Published On: Fri, Oct 6th, 2017

Farhad and Mike’s Week in Tech: More Uber Drama, and Few Answers From Facebook

But it did paint a pretty ugly picture of Anthony Levandowski, the former Google engineer who sold his company to Uber after leaving Google and taking thousands of files with him. Not exactly a good look, if you’re trying to work again in the tech industry.

Farhad: Does he need to work again, though? One thing we didn’t mention last week was the great Wired profile of Mr. Levandowski, which contained this nugget: He seems to be creating his own religious organization, a church meant to “develop and promote the realization of a Godhead based on Artificial Intelligence.” See, when your god is A.I., maybe you don’t need to be in the good graces of tech companies.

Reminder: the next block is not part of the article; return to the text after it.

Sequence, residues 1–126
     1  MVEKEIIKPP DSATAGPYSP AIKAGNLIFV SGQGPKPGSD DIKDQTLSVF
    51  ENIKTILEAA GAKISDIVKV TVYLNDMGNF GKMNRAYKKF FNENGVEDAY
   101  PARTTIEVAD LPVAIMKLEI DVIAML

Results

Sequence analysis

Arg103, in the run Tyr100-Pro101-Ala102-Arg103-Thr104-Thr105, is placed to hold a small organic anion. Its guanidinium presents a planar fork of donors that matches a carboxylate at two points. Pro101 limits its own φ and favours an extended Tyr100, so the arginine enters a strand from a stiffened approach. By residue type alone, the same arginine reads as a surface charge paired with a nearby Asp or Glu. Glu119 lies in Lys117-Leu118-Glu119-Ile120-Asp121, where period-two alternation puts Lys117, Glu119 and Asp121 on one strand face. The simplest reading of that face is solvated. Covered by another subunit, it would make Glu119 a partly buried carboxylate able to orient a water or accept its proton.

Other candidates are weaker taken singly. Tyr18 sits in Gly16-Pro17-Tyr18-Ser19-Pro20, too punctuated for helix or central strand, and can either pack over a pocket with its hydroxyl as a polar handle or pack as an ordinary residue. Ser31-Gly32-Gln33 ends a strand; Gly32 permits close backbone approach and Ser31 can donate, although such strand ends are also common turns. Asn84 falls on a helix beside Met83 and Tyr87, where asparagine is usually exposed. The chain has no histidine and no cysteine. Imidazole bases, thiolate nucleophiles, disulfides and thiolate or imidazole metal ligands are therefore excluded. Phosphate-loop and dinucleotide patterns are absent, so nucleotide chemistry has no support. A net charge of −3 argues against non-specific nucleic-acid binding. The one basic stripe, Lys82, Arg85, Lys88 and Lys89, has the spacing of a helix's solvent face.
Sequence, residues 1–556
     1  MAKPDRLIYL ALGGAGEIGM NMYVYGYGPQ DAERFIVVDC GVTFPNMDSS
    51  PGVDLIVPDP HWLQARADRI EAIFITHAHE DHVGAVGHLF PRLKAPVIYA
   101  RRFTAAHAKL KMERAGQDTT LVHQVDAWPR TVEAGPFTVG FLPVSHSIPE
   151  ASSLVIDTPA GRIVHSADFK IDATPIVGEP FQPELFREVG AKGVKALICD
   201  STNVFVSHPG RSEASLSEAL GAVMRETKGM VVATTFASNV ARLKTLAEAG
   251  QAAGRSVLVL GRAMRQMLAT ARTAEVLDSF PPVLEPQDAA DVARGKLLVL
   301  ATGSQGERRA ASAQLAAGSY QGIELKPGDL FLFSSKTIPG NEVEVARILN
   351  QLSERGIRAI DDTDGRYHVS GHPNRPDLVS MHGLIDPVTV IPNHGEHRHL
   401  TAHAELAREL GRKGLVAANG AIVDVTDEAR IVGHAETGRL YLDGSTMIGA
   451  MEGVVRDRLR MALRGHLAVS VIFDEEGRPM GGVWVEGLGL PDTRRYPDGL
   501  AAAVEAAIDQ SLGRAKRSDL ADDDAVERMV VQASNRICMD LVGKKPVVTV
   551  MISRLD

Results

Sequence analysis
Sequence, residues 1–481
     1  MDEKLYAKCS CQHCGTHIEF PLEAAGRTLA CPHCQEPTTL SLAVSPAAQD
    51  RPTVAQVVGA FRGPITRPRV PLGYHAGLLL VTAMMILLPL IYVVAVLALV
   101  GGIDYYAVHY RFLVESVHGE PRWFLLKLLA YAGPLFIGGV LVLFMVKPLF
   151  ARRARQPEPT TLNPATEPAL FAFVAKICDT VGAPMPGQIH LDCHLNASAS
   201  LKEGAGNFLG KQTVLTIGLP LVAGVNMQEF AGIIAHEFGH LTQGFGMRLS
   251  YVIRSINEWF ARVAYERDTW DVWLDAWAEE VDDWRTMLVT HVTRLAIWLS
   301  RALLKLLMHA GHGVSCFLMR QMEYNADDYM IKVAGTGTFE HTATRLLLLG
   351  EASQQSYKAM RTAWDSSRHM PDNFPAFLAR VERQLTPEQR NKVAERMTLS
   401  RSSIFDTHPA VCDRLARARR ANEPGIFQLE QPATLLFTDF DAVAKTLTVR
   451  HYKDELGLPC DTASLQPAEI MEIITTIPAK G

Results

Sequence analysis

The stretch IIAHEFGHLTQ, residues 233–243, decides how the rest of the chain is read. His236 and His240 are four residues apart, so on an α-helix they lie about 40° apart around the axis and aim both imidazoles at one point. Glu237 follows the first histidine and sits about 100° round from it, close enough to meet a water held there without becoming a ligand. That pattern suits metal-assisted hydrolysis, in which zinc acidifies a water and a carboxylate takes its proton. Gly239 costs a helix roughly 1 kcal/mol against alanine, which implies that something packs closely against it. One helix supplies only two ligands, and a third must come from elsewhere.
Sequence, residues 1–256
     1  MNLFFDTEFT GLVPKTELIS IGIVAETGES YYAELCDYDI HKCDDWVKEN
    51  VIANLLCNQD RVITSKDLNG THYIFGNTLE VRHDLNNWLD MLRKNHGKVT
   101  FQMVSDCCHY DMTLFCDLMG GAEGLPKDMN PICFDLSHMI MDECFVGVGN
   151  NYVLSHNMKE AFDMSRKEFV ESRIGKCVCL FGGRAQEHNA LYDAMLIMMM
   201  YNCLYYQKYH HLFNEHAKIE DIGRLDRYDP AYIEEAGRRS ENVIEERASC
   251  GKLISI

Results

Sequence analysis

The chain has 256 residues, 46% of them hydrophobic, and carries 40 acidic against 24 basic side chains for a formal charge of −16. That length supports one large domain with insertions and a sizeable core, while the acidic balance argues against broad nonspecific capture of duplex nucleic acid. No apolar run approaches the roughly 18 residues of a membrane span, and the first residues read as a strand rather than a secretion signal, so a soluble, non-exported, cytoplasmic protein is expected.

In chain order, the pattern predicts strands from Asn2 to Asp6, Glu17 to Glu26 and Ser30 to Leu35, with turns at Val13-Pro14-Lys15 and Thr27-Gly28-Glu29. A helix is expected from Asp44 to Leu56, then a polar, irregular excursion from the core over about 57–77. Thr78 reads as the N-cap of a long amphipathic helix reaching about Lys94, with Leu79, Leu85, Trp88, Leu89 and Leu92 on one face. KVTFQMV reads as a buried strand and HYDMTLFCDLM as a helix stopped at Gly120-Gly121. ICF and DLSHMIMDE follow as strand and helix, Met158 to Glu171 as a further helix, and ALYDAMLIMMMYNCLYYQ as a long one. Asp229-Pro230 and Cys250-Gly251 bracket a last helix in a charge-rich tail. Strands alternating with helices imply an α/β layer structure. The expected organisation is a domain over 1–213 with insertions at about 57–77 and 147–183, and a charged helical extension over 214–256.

Mike: Yeah. In more upbeat news for Uber, the company’s dramatic boardroom struggles seem to be coming closer to peace. The board this week voted for a significant set of governance changes to the company, including imposing some significant restrictions on Travis Kalanick, the former chief executive, who was pushed out of the company by his investors but remains on Uber’s board.

There were compromises. For one, the board confirmed the addition of two new members — Ursula Burns, the former head of Xerox, and John Thain, former chief executive of Merrill Lynch — who were stealthily added by Mr. Kalanick last week. But the board also agreed to add six more seats for new directors to bring more “independent” voices to the company.